San Francisco Irish Film Festival
The 9th San Francisco Irish Film Festival (28–30 September, 2012, Roxie Film Center, 3117 16th St. @ Valencia, San Francisco)
This years’s San Francisco Irish Film Festival kicks off on Friday, 28th September with Terry George’s Oscar-nominated short The Shore followed by Kirsten Sheridan’s new feature Dollhouse.
The screenings will be preceeded by the Opening Night Party at Giordano Bros, 3108 16th St, SF, from 6pm -8pm.
The weekend promises a diverse and entertaining line-up.
Friday, 9/28 at 8:30pm – THE SHORE
Dir: Terry George
THE SHORE is the inspiring story of two boyhood best friends divided by 25 years of misunderstanding. Their world and friendship is shattered by the conflict escalating in Northern Ireland and their lives take very different paths. Twenty-five years later, Joe (Ciaran Hinds) returns home from San Francisco seeking to reconnect with his old friend. This Oscar-winning short is equal parts hilarious and poignant and is sure to leave you with a smile on your face.
Friday, 9/28 at 9:00pm – DOLLHOUSE
Dir: Kirsten Sheridan
Kirsten Sheridan is the very special guest at the San Francisco premiere of DOLLHOUSE. Sheridan’s film explores a night in the lives of a group of street teens who break into a house in an upper-class suburb. The break-in quickly moves into a night of frenzy, driven by a series of revelations that will leave lasting marks on each of them. Kirsten Sheridan, who previously directed Disco Pigs and August Rush, will join the festival after the screening for an exclusive Q & A session.
Saturday, 9/29 at 5pm – BALLYMUN LULLABY
Dir: Frank Berry
BALLYMUN LULLABY is a musical documentary that follows music teacher, Ron Cooney, on his journey to create a collection of music that gives a voice to the young people of working-class Ballymun in Dublin. Your heart will be thoroughly warmed by the inspiring Cooney and his funny and charming students.
Saturday, 9/29 at7pm – MAGNERS ‘N’ SHORTS
Sup complimentary Magners Irish Hard Cider while enjoying the best of this year’s shorts from Ireland.
Saturday, 9pm – STELLA DAYS
Dir: Thaddeus O’Sullivan
A small town cinema in rural Ireland in the 1950s becomes the setting for a dramatic struggle between Rome and Hollywood, and a man and his conscience. Martin Sheen (THE WAY, THE DEPARTED) stars as Father Daniel Berry in a story about the excitement of the unknown versus the security of the familiar, as those in the town find themselves on the cusp of the modern but still clinging to the traditions of church and a cultural identity forged in very different times.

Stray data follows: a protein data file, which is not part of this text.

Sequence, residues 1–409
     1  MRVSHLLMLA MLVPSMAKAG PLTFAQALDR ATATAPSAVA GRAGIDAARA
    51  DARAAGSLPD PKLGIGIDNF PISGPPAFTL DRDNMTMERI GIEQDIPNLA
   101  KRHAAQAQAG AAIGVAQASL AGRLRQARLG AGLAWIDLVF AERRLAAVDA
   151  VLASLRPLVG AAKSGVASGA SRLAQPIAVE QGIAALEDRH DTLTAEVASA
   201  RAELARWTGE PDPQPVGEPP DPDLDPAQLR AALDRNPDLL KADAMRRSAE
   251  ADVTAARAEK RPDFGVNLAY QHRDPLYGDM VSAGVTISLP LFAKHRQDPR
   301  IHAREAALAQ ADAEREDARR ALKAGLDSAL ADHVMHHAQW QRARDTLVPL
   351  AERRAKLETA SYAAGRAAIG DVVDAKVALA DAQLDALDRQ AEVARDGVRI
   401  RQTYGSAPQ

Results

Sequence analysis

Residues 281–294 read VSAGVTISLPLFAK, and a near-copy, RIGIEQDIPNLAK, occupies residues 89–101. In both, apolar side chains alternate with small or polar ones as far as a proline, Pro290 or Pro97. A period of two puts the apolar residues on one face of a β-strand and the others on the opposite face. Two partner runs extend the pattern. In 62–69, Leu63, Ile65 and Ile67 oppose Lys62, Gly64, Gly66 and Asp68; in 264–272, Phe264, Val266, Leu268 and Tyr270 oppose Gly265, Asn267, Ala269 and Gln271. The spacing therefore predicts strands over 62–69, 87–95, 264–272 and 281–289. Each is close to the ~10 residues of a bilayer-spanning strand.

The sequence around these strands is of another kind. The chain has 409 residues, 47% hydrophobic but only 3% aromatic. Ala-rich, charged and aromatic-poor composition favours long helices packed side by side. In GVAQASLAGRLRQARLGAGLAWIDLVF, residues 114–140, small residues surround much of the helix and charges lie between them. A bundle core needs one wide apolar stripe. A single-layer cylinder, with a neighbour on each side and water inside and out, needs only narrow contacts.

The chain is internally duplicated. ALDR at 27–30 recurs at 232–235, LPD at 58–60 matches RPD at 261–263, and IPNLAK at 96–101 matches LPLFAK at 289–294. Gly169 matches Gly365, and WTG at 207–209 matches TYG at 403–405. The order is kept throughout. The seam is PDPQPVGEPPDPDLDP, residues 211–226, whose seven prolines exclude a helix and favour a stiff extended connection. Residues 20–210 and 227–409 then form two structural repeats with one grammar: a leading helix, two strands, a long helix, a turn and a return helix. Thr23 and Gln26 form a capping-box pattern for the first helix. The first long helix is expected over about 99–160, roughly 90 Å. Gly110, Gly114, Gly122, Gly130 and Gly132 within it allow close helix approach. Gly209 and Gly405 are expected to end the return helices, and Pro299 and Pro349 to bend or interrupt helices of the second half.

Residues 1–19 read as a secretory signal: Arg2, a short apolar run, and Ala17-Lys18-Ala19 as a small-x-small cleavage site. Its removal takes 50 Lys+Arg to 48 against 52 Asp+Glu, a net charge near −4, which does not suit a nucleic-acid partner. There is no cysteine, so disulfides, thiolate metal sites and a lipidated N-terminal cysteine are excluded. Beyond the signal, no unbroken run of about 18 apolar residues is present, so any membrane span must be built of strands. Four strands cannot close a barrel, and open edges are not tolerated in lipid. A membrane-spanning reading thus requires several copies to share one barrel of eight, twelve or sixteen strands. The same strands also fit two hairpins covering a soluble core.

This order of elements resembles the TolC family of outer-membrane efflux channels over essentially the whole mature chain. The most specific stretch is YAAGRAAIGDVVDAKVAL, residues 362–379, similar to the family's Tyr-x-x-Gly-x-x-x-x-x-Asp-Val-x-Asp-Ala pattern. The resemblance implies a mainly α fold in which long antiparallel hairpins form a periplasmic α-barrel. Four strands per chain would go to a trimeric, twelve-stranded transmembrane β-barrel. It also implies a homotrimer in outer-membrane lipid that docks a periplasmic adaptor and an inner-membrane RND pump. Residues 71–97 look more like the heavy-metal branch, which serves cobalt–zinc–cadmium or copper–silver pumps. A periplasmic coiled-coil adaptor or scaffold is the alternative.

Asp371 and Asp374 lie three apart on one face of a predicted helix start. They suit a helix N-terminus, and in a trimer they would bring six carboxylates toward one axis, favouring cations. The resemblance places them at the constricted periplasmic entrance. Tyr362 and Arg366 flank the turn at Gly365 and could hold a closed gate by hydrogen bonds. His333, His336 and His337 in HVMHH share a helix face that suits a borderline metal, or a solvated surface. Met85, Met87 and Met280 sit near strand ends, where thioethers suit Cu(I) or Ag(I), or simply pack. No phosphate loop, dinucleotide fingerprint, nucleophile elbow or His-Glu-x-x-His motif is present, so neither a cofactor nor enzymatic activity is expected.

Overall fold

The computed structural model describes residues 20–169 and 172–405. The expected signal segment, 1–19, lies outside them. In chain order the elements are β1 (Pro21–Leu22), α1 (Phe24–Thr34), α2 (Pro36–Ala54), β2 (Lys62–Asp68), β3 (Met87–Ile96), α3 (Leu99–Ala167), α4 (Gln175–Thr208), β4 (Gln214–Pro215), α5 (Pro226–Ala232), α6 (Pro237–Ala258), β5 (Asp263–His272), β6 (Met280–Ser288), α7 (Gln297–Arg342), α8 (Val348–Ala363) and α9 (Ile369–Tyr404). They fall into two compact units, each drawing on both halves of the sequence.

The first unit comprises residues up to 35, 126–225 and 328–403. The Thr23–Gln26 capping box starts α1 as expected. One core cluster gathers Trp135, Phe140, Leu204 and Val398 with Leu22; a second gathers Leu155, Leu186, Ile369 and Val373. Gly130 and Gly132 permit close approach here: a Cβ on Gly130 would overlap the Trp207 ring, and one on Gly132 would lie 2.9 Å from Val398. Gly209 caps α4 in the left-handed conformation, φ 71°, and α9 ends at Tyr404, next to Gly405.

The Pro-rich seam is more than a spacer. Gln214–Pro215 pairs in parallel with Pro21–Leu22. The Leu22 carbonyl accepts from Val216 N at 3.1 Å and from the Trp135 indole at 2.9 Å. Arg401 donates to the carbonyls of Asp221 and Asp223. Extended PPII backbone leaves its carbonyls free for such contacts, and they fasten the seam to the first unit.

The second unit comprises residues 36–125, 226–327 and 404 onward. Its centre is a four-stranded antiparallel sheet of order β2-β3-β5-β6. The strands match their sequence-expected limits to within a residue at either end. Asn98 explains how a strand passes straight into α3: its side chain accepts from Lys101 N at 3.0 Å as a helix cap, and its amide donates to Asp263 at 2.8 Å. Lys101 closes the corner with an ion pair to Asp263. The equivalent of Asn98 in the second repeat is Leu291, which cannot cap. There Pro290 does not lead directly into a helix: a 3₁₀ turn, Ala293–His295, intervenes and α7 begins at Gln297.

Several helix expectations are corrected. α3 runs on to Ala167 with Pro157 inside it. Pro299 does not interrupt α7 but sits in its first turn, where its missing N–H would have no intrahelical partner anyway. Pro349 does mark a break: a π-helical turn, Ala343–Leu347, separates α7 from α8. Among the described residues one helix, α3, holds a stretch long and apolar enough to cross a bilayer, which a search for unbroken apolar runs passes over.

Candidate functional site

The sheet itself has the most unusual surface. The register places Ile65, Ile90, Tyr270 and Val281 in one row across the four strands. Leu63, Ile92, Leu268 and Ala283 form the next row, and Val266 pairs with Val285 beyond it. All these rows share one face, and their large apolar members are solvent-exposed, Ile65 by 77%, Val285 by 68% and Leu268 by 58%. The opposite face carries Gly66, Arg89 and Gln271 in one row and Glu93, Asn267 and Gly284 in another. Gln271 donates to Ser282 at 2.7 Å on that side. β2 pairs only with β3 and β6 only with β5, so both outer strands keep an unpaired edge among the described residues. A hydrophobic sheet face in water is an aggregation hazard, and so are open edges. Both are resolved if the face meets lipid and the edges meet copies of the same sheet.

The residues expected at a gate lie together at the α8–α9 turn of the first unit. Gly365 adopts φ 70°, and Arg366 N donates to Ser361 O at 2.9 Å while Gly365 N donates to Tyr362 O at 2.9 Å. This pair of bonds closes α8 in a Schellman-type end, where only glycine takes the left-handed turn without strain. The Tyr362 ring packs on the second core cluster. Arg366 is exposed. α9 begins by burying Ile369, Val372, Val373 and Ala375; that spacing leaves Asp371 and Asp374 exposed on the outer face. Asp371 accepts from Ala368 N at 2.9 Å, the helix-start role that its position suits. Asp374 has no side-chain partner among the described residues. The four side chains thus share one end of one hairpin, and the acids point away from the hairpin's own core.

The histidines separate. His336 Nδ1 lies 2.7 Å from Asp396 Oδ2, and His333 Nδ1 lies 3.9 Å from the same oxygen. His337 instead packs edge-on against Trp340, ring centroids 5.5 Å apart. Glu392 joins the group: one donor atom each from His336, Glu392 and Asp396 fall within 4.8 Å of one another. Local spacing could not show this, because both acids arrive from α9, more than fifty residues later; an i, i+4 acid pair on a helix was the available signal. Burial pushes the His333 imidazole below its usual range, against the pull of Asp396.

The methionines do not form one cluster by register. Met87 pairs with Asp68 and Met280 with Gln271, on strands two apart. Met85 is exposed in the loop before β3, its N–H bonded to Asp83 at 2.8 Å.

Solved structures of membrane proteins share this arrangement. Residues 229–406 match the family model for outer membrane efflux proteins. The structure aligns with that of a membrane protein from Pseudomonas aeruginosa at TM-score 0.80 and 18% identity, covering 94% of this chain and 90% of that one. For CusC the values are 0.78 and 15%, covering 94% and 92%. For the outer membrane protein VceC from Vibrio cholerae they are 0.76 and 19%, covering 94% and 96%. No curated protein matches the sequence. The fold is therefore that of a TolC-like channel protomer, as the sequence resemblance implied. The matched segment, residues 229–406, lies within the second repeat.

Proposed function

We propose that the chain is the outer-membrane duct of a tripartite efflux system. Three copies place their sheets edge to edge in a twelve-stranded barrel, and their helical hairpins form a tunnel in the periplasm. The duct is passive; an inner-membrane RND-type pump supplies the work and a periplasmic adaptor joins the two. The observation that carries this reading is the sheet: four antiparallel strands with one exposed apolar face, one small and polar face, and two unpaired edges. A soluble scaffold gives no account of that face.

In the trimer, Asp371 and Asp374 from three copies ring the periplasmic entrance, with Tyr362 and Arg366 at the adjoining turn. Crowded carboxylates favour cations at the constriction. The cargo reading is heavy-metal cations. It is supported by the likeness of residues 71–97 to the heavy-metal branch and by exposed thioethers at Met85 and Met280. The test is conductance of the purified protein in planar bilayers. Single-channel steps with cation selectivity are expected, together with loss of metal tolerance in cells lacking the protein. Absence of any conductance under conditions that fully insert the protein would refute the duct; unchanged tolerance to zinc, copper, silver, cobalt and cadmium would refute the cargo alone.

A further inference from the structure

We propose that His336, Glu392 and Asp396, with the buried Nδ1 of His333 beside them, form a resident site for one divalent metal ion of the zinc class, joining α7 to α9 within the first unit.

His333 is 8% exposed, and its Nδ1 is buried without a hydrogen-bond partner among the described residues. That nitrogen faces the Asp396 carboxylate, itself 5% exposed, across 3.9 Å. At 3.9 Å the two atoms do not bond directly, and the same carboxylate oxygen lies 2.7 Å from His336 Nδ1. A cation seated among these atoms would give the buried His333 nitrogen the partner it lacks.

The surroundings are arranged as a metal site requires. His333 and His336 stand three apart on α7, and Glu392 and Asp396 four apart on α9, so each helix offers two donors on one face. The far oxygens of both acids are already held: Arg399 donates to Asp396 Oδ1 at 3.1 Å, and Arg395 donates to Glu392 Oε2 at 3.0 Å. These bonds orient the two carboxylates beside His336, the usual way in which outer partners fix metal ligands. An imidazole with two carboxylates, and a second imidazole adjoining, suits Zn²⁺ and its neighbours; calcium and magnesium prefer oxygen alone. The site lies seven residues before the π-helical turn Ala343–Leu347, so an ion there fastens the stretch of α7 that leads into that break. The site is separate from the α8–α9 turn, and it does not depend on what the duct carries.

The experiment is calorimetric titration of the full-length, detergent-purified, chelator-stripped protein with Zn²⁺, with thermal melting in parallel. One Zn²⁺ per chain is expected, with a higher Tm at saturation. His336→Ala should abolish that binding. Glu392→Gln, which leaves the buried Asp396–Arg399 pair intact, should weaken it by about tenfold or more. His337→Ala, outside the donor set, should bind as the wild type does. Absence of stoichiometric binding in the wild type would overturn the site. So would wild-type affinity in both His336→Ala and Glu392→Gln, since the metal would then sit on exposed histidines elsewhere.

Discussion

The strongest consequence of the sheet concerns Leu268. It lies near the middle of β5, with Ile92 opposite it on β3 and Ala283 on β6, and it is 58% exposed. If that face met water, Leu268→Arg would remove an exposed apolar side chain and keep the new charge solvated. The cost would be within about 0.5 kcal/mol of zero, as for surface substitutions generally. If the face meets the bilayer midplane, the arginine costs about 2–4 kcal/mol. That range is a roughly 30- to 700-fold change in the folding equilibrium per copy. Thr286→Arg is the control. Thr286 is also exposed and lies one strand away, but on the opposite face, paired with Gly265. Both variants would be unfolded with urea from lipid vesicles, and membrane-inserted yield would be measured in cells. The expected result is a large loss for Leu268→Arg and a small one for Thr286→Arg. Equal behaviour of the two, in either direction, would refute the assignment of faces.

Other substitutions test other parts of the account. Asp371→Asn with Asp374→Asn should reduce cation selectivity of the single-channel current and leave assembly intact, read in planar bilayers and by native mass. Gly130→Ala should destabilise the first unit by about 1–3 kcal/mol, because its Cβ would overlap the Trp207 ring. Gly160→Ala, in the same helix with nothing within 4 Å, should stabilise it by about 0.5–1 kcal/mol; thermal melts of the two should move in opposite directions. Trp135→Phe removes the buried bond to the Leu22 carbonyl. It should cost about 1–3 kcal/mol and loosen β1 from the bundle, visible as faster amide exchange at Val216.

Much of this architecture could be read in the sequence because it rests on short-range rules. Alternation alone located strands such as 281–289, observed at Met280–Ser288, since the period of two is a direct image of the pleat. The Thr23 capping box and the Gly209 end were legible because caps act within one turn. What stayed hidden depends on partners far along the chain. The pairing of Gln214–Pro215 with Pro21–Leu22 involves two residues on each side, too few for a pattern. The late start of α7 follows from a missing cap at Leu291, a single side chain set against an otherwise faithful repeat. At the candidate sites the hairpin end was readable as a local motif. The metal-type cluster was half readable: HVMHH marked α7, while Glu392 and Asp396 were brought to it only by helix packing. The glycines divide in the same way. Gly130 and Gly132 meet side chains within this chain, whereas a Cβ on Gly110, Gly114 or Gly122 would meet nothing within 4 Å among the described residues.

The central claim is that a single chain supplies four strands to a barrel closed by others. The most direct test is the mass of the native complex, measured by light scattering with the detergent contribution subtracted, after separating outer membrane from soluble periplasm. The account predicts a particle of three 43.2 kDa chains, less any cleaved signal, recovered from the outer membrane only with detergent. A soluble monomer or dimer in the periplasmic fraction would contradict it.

Sunday, 9/30 at 5:00pm DEATH OF A SUPERHERO
Dir: Ian Fitzgibbon
Donald is a teenager with extraordinary artistic talents. His future as a graphic novel artist should be bright. As his life is consumed by fantastic daydreams, Donald soon discovers that a very real enemy is trying to kill him. With an unorthodox psychologist teaching Donald to find the light in life in an otherwise dark world, DEATH OF A SUPERHERO tells the story of discovering life, love, and death in this exceptionally honest portrayal of a teenage boy facing his own mortality.
Sunday, 9/30 at 7:00pm – BERNADETTE: NOTES ON A POLITICAL JOURNEY
Dir: Lelia Doolan
The story of Bernadette Devlin McAliskey’s remarkable political life is told in this inquisitive documentary. A member of the People’s Democracy movement in Northern Ireland in the late 1960s, Bernadette Devlin was elected MP for Mid-Ulster when she was 21 years-old and briefly rattled the Wilson government and the Westminster establishment. The archive footage presents her as a firebrand with a gift for public speaking, derided as ‘Castro in a miniskirt’ by one opponent. Now into her sixties, she remains just as articulate and uncompromising. Acclaimed Director, Lelia Doolan, will join the festival after the film for a Q & A session. For anyone interested in the history of Northern Ireland, this is an opportunity not to be missed.
Sunday, 9/30 at 9:00pm – PILGRIM HILL
Dir: Gerard Barrett
PILGRIM HILL captures the plight of bachelor farmers in rural Ireland, telling the tragic story of Jimmy Walshe, a middle-aged farmer who lives with his critically ill father. Life has been very tough on Jimmy over the years, but things are about to get worse, as his life hits a very rough patch on and off the farm. This moving and understated film hits themes universal enough to resonate with audiences everywhere.